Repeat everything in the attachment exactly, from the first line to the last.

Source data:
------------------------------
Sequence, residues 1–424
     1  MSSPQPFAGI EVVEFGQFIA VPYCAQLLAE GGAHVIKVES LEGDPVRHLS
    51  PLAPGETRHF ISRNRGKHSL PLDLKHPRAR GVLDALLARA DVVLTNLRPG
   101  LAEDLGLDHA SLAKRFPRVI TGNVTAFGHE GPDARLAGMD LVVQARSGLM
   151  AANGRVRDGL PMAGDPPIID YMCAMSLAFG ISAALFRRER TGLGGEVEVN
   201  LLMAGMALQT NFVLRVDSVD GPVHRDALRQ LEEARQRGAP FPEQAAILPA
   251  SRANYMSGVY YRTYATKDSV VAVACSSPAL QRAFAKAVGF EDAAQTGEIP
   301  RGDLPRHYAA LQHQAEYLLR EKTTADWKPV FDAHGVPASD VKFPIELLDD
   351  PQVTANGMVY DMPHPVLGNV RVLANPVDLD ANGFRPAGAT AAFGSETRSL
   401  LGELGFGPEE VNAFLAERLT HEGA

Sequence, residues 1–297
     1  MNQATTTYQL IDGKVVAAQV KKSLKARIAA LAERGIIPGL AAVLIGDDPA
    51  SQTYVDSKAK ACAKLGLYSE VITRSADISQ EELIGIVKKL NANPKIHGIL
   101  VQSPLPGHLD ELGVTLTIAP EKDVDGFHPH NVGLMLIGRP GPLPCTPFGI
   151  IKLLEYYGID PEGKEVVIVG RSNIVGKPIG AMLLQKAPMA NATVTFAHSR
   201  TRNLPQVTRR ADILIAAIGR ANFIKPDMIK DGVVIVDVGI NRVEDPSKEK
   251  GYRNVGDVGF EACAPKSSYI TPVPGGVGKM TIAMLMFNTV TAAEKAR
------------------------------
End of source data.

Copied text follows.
Sequence, residues 1–424
     1  MSSPQPFAGI EVVEFGQFIA VPYCAQLLAE GGAHVIKVES LEGDPVRHLS
    51  PLAPGETRHF ISRNRGKHSL PLDLKHPRAR GVLDALLARA DVVLTNLRPG
   101  LAEDLGLDHA SLAKRFPRVI TGNVTAFGHE GPDARLAGMD LVVQARSGLM
   151  AANGRVRDGL PMAGDPPIID YMCAMSLAFG ISAALFRRER TGLGGEVEVN
   201  LLMAGMALQT NFVLRVDSVD GPVHRDALRQ LEEARQRGAP FPEQAAILPA
   251  SRANYMSGVY YRTYATKDSV VAVACSSPAL QRAFAKAVGF EDAAQTGEIP
   301  RGDLPRHYAA LQHQAEYLLR EKTTADWKPV FDAHGVPASD VKFPIELLDD
   351  PQVTANGMVY DMPHPVLGNV RVLANPVDLD ANGFRPAGAT AAFGSETRSL
   401  LGELGFGPEE VNAFLAERLT HEGA

Sequence, residues 1–297
     1  MNQATTTYQL IDGKVVAAQV KKSLKARIAA LAERGIIPGL AAVLIGDDPA
    51  SQTYVDSKAK ACAKLGLYSE VITRSADISQ EELIGIVKKL NANPKIHGIL
   101  VQSPLPGHLD ELGVTLTIAP EKDVDGFHPH NVGLMLIGRP GPLPCTPFGI
   151  IKLLEYYGID PEGKEVVIVG RSNIVGKPIG AMLLQKAPMA NATVTFAHSR
   201  TRNLPQVTRR ADILIAAIGR ANFIKPDMIK DGVVIVDVGI NRVEDPSKEK
   251  GYRNVGDVGF EACAPKSSYI TPVPGGVGKM TIAMLMFNTV TAAEKAR